'Saving Private Ryan' Is Spielberg's Finest Couple Of Hours.
By Emil Franzi
TROOPS VOMITING IN a landing barge, blood-stained letters, dog tags of the dead used as poker chips, rain drops falling on leaves to the sound of distant gunfire, chewing gum passing mouth to mouth, unraveling intestines, Edith Piaf, pulsing arteries--these are the images of Steven Spielberg's WW II masterpiece, Saving Private Ryan.
It's not politically correct today to like war movies unless they make Americans or American policy look bad. Spielberg, however, understands that in an earlier time Americans had a different attitude, value system, national purpose and some real leaders we actually admired. And with this mastery, the man who brought us Schindler's List has given us another magnificent piece of cinema.
Earlier WW II movies are not negated by Spielberg's realism. Those classics like A Walk in the Sun, Battleground and Sands of Iwo Jima are part of the same heritage. What Spielberg gives us is more depth, the perspective of time, and the advantages of both greater technology and realism not available to earlier filmmakers.
In the chaotic horrors depicted in the first 20 minutes, we see--and of equal importance, hear--combat as it really is. Though one should qualify: Today's hyper-realist approach to filmmaking should not negate those earlier efforts equally reflective of their time. If Psycho or Casablanca were made today, would we expect to see Janet Leigh's character actually dismembered, instead of blood merely running down the drain? Would Bogie and Ingrid be doing more than just kissing? Would that make a better movie? No.
But Saving Private Ryan is technically stunning--about that there is no dispute. Of equal importance to the visual is the audio. Don't wait to play this on your VCR--you'll lose the effect. And see it in a theater with DTS. The combination of close-ups, eye-level cameras, and digital sound is a major achievement in itself. And the historical accuracy is precise, from the vehicles and weapons to the jargon. The John Williams score is subtle, effective, and sparingly used.
But this is about much more than a close-up of the horrors of war. The film contains many subtleties that will be discussed for years. One friend described the story as "the Danny Boy legend meets the Seven Samurai." It opens with a poignant view of an old veteran approaching a Normandy cemetery with his family. That scene carries the film's moral thrust, but is almost forgotten until the moving ending through a series of images that sear your brain.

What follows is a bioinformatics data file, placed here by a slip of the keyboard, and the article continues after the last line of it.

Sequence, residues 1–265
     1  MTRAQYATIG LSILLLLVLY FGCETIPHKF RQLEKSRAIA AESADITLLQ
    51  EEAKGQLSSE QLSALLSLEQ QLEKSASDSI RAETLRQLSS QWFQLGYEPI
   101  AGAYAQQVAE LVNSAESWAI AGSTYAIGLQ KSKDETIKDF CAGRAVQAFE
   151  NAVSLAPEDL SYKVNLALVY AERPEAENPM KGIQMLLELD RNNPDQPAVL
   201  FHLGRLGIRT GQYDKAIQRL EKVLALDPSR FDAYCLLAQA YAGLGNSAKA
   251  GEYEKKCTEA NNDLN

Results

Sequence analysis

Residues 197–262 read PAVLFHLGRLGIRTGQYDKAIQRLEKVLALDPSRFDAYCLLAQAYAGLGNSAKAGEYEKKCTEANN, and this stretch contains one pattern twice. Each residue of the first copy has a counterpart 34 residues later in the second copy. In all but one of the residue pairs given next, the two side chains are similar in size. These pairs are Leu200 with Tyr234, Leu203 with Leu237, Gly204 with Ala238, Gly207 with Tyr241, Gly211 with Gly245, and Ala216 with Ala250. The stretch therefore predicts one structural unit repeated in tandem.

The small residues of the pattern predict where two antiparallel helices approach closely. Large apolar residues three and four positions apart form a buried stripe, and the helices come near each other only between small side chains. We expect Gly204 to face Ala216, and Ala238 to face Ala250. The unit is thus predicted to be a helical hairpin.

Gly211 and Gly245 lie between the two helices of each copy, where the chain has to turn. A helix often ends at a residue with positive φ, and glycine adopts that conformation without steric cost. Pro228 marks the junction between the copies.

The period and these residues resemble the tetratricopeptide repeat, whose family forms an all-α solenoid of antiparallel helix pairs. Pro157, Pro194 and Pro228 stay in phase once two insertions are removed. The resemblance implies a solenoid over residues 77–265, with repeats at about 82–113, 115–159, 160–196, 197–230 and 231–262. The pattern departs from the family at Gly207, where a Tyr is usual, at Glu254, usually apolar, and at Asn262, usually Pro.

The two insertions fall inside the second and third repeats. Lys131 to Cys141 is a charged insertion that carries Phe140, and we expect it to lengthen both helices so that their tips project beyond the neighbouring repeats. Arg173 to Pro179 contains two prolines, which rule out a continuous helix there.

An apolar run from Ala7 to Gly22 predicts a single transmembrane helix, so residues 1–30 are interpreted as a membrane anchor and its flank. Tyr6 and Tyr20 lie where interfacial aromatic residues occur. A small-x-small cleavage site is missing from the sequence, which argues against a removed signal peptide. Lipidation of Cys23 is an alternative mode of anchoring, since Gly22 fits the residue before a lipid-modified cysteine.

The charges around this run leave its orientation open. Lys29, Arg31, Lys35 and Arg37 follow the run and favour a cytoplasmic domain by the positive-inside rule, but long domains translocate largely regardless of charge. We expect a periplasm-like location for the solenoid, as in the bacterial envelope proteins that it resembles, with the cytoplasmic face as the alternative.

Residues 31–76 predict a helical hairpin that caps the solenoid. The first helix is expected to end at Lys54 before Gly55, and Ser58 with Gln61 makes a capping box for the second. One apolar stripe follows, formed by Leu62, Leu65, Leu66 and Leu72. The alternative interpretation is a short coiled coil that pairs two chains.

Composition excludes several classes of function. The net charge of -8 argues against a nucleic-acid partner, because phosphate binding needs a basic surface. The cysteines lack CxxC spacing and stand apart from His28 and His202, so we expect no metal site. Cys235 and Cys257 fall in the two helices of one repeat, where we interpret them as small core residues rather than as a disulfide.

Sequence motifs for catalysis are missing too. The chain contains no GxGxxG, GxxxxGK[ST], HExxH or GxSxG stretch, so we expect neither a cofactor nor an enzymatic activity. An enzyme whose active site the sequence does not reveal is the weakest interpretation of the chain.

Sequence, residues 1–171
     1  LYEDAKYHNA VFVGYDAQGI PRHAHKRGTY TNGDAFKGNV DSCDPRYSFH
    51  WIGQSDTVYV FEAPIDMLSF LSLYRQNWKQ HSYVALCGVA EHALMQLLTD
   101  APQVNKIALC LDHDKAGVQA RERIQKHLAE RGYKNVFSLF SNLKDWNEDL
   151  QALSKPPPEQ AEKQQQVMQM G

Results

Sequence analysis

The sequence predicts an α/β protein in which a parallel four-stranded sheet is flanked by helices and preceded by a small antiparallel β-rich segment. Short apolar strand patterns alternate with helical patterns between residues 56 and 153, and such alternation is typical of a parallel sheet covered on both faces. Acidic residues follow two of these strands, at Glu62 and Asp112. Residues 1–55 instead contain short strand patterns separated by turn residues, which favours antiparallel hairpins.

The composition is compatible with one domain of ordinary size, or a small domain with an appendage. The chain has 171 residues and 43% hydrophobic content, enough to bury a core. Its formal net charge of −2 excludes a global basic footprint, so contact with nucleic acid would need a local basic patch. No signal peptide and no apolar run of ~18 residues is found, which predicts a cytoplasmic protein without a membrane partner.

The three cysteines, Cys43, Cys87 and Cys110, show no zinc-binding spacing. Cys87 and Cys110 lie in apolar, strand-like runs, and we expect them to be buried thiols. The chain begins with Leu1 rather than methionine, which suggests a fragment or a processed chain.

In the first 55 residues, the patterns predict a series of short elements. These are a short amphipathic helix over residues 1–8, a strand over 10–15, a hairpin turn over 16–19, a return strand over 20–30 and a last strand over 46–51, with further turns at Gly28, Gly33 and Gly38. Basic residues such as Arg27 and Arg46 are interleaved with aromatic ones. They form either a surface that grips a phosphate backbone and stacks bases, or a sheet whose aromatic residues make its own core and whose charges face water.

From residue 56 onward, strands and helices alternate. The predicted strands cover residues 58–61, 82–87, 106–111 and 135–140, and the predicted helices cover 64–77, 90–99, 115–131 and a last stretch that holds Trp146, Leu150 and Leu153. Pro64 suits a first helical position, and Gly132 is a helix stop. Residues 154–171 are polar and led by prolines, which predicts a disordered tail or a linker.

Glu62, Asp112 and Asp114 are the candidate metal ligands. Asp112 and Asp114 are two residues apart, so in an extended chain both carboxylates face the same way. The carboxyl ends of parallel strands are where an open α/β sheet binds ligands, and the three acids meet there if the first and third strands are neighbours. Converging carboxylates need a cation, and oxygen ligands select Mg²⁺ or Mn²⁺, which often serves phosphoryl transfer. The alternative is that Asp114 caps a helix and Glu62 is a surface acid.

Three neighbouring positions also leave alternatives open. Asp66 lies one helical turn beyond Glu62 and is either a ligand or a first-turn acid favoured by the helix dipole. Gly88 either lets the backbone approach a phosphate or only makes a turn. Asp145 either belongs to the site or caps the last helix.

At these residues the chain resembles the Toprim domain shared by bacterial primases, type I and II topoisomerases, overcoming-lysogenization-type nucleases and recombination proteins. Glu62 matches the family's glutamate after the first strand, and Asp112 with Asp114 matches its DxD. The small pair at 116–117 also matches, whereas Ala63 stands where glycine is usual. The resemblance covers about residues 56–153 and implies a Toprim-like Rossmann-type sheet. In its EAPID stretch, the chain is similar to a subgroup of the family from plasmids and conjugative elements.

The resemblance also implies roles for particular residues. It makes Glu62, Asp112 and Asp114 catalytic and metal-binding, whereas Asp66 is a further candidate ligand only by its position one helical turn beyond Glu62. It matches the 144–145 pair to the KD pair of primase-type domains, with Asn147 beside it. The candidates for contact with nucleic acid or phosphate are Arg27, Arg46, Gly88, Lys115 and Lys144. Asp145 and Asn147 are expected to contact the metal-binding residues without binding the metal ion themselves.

The story unfolds around the discovery that three of four Ryan brothers have been killed in combat. One Ryan is left--a paratrooper somewhere behind German lines. The decision is made at the highest level to send a small group of Rangers to find him and bring him home. The leader of this small group is played brilliantly by Tom Hanks. While some may find this needle-in-a-haystack hunt a contrived device, it reflects Spielberg's knowledge of the values of the times, namely that risking lives for a principle is the right thing to do.
As the hunt for Ryan proceeds, we watch the characters develop. With the exception of Matt Damon as Private Ryan, most of the characters are played by actors we don't know. I expect after this, we will.
One character is a coward, and Spielberg resists using the cliché that turns him brave, allowing him to be despised. The others you hope will survive.
While women have only minor parts in this film, they have major roles in the overall plot. It's a woman who discovers that three Ryans have been killed in action. Ryan's mother, who's shown briefly and says nothing, is the key to the whole story. References to mothers abound; and Hanks' character states his desire to "just get back to his wife." The film's final scene involves an old veteran seeking validation for his life from his wife. Anyone not moved to tears by this scene has no soul.
This is a truly great film, perhaps Spielberg's finest effort. It tells us exactly what it was our fathers and grandfathers and brothers and uncles and cousins had to do to preserve our nation and our freedoms. This ain't Platoon.
Home | Currents | City Week | Music | Review | Books | Cinema | Back Page | Archives
| © 1995-97 Tucson Weekly . Info Booth